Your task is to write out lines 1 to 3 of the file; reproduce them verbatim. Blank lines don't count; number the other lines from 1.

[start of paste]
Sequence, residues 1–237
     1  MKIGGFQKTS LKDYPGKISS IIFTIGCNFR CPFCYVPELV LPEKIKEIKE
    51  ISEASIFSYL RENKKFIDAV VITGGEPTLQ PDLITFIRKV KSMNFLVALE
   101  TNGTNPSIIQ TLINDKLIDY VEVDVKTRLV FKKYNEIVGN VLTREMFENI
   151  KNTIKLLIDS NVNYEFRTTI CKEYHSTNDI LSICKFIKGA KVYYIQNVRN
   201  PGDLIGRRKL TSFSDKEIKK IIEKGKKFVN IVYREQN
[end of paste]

Sequence, residues 1–237
     1  MKIGGFQKTS LKDYPGKISS IIFTIGCNFR CPFCYVPELV LPEKIKEIKE
    51  ISEASIFSYL RENKKFIDAV VITGGEPTLQ PDLITFIRKV KSMNFLVALE